...people will tell me to blog on Wordpress instead of LiveJournal (in the past) or Dreamwidth (now). Can any of you perpendiculars imagine anyone telling me back in the early days of LiveJournal: "Well, LJ is for fandom - you know, where people steal IP and copyright to make up their own stories using other, more talented people's characters, but just for fun, not profit - that's what LJ's all about?"
Everyone from LJ's creator to users would have been all "W.T.F. peeps trippin'" - but not anymore.
Or...turn the example on its head for a minute - right after LJ's creation, people start telling others who actually write normal posts on their LJs: "You need to 1) get your own website, 2) move to Tumblr or Wordpress, 3) love and live for fandom or 4) GTFO". Again, everyone from Fitz on down would have been asking anyone so inclined to get their heads examined - and quick.
Here's the basic logic problem fandom can't solve: Blogs - believe it or not, people - really are for blogging. Journals are for journaling. I kind of do both, and lo and behold, LiveJournal and Dreamwidth also allow and encourage you, by the very nature of their design, to do both.
So what do millions of people do when they see that? They turn every hybrid journal/blogging site out there except Wordpress and Tumblr into fandom parties, then tell me to GTFO if I don't like it. Really? Without the slightest hint of irony or any sense of how absurd the whole thing sounds to someone who just wants to use their own blog to blog?
So here's me turning the logic problem around on all of you: AO3 or GTFO. I'm tired of feeling like I'm the one who doesn't belong.
LJ has this so-called "feature" where if you spy a purged username (like Anti-AOL - it was mine until a day or two ago) you can "reserve" it for future use. Good idea, right? Just squat on a name until you feel like using it. If ever. Except it's not about "reserving" purged usernames at all.
It's about buying them, which you can do only by purchasing a "rename token" for an already existing account. And that will be $15, thank you and ya'll come by to let us screw ya again...ya hear?
Edit: for sophie, who has no idea what I'm talking about, and therefore, "no sympathy", here's a screen shot:
I'll be damned, but this doesn't look like the innocuous (and free of charge) act of "reserving" a username to me. Not at all. It's got to be the biggest bait and switch LJ has ever pulled:
I learned of this after bel suggested I snatch my purged username while I could, after I wrote that I was fiending to host Anti-AOL on LJ again (I miss the traffic the blog got and the email it generated).
I would do that, but I can't take the ads and sneakiness of LJ, so I was tempted to "reserve" my username, just in case, you know, one day...someone else wants it (I'm mighty jealous) but after seeing LJ's bait and switch with my own eyes, the hell with that idea.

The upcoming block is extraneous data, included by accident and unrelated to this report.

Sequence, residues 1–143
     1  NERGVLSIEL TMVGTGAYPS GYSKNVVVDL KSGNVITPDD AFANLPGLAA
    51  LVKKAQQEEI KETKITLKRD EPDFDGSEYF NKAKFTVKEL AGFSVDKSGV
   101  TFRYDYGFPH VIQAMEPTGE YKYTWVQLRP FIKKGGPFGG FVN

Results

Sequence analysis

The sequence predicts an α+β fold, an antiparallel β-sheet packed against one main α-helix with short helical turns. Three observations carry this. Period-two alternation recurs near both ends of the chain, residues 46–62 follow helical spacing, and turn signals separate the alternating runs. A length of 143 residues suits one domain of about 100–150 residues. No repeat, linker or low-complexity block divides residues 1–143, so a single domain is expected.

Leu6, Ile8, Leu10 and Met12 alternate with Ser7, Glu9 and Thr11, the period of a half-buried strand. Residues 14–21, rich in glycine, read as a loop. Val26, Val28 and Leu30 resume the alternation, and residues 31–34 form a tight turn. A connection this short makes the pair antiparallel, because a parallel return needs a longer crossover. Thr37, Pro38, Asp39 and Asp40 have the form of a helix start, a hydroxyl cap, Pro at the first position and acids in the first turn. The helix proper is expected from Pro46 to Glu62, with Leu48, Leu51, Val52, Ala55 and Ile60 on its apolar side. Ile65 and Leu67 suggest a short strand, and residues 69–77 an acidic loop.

No, not this one and that one; the two blogs that spawned them: this one and that one. I swore on this one that I would delete that one and it this July, when my last paid account expires on the other one.
But if I delete them, and they're purged, the user names might get recycled. I'm the only Marah Marie who lives in the US who doesn't have a MySpace, Friendster, flikr, Facebook, or any of that other social crap (but the Twitter is mine) so that LJ was always dear to me (I started it to write what became anti-aol years later): it proves that I'm not the other Marah Maries.
At least, it proves that to me. No one else has a clue, judging by what stalkers seem to look at the most in Google (Google does arrange links by how often they're clicked on, which, if it was a reliable method for estimating which results are accurate, would have me living in the Philippines, writing insipid poems on MySpace, and bearing the first name of "Helga". Yikes.).
In fact, I bought the name "marahmarie" back from LJ in early 2008 (what does that work out to with the new LJ math: 1500 tokens, right?) to ensure no other Marah Marie who wanted to start an LJ could. Which was selfish and rotten of me, but hey, "Marah's Test" wasn't agreeing with me - I'm not fond of describing myself in abstract verbs. If I was, I would choose much more interesting ones...
So if I delete them, it's done - until I hit the panic button 5 or 15 or 29 days from now to preserve my user names, which I'm as jealous of as God allegedly is of us. Or...see that's the problem...there is no "or". I don't want LJ's goddamned ads all over my journals, and I don't want to pay LJ to make the ads go away on space I'm not using, so I have to delete both LJs.
Maybe someone could pop me a Vicodin over the Interwebs if I start getting the shakes over this? Mmmmmm? Pretty please? I love me some Vicodin.
Hello, Dreamwidthians, please tell me I'm not reading this comment, that it's all a bad dream and that I'll wake up knowing LJ is really about the cotton-candy and unicorns, just like I always thought, not about newly sadistic LJ staff who decided friends-only entries can be re-posted publicly now at the click of a stupid re-post button.
I'm going to go break something now.
Cotton candy and unicorns? Please? Don't tell me what I'm seeing in that comment is the truth. Because I'm afraid nothing will be left standing in this room if it is.
It's comparable to giving AOL database passwords out to the AOL users. It's hard to say who's more retarded: LJ for putting the keys to the flocked kingdom in the user's hands, or the users for going "Der, when should I use that line of code?". When you combine that line of code with copyright law, you've got a real mess, since by using that line of code, even unwittingly, you are granting everyone permission to re-distribute your flocked posts in full forever.
It makes zero sense to make LJ users so vulnerable to such serious potential privacy losses.